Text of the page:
Rapping keeps athletes laid backPublished 12:01am Thursday, July 26, 2012
NATCHEZ — If Tyler Harris isn’t seeing much action at third base for the T.M. Jennings 11- and 12-year-old All-Stars, he’s likely to start chanting.core
To the beat of Queen’s “We Will Rock You,” Harris begins chanting, “We are, we are a baseball team,” and other creative lyrics soon follow — even if Harris doesn’t exactly remember how they go.
“I just make something up off the top of my head,” Harris said.
Harris and his other teammates on the T.M. Jennings squad like to cut up by freestyle rapping, but Harris tries to branch off and not stick strictly to hip hop.
“I don’t like rapping,” Harris said, though he’s actually quite talented at coming up with rhymes. “I just like to listen to music.”
The musical talent works well for Harris — as long as he’s not trying multitask. If a gound ball was coming at Harris while he was freestyling, Harris admitted that he’d probably be in trouble.
“I don’t know what I would do,” Harris said. “I don’t have quick reflexes. My rhyming is quicker than my reflexes.”
Harris, along with teammates Tyrese Butler and Shavoke Herrington, are the rapping ringleaders when the baseball players are feeling inspired. Head coach Ernest Woods Sr. said when he inherited his team he didn’t realize some of them were lyrical poets.
“It was a surprise to me,” Woods said. “They’re multitalented I guess. When I heard them out there (rapping), I was like, ‘Whoa.’”
Often times, the T.M. Jennings players will use their freestyle rap to make fun of each other, but Woods said it’s all in good fun.
“They’re constantly teasing each other. They make up raps about each other,” Woods said.
Butler, who also goes by “Lil T” and “Platypus,” said the freestyle rap was something he and Herrington started doing at the Boys and Girls Club several years ago.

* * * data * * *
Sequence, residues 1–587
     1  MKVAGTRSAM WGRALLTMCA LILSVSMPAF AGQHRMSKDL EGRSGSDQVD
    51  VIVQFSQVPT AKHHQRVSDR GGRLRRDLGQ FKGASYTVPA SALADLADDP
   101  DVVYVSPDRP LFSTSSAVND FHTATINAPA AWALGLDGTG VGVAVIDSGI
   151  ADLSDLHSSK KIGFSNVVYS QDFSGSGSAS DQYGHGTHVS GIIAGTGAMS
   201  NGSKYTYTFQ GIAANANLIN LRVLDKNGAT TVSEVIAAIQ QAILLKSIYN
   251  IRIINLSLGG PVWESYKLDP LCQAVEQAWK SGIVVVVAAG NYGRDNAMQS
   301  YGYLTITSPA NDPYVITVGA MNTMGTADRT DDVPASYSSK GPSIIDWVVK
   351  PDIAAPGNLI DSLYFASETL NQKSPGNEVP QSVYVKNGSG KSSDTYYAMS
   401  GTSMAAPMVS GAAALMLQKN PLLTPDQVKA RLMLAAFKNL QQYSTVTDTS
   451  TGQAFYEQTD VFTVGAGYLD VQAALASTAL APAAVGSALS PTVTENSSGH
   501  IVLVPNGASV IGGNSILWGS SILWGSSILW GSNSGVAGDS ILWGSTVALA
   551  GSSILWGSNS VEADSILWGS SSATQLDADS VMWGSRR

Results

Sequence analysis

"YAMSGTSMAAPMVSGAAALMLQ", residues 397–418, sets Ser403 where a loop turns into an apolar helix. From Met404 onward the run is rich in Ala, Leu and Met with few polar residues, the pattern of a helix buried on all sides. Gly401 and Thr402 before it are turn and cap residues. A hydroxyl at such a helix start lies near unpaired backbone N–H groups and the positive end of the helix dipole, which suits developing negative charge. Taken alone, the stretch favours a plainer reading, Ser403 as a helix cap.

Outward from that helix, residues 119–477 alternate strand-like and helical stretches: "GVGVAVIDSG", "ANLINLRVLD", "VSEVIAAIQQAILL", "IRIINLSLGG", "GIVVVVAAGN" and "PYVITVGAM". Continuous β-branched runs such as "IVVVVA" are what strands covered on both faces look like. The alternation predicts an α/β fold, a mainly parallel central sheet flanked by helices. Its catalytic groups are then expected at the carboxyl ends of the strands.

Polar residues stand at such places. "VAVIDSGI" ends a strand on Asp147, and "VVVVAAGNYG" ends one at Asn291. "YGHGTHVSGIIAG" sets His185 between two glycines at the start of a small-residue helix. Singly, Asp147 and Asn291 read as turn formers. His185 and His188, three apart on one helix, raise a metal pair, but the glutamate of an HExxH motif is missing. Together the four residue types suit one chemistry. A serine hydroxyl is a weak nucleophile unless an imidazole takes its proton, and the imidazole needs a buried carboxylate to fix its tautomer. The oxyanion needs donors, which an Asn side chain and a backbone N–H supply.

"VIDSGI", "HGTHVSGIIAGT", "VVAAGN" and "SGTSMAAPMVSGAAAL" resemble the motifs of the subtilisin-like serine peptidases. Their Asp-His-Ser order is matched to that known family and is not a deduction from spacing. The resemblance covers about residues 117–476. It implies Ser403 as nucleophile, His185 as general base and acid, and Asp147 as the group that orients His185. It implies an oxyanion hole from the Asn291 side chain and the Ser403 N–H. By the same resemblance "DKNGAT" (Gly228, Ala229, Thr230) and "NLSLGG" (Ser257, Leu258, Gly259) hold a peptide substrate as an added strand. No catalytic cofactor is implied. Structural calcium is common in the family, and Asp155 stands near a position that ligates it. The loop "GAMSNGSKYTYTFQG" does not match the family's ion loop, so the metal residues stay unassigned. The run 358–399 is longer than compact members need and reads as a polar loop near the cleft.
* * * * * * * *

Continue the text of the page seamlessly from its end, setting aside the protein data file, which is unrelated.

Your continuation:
“There was a talent show, and they came up to Shavoke and me and asked me if we wanted to join in,” Butler said. “He came to my house, and we made up something.”
Butler said he went to his uncle’s house, since his uncle has a studio, and recorded their rhymes. When he and Herrington started doing it during baseball season, others soon joined in.
“We go to All-Star, we hit the ball over the park,” Butler rapped. “The only time we lose is when we don’t play smart.”
Herrington also chimed in, coming up with a quick set of lyrics that reflected the team’s attitude.
“We don’t play, every time we step up to the plate, we hit it across the gate,” Herrington rhymed.
Herrington said he draws his inspiration from rappers like Eminem, Busta Rhymes, Twista and Lil Boosie, and he’s been freestyling since he was little.
“I just spit out whatever comes to my mind,” Herrington said.
Even though they use their lyrics to tease each other, Herrington insisted that no one takes too much offense.
“Some of them get mad, like Chris Scott and Jaylin Pollard, because they don’t know how to rap,” Herrington said.
Even their coach doesn’t escape the players’ jokes, but Woods said he wouldn’t retaliate by trying to rap himself.
“No sir,” Woods said. “I don’t have that kind of talent.”
But as long as the players are having fun, Woods said he’s glad they cut up from time to time.
“It keeps them going and keeps things lighthearted,” Woods said. “They have fun.”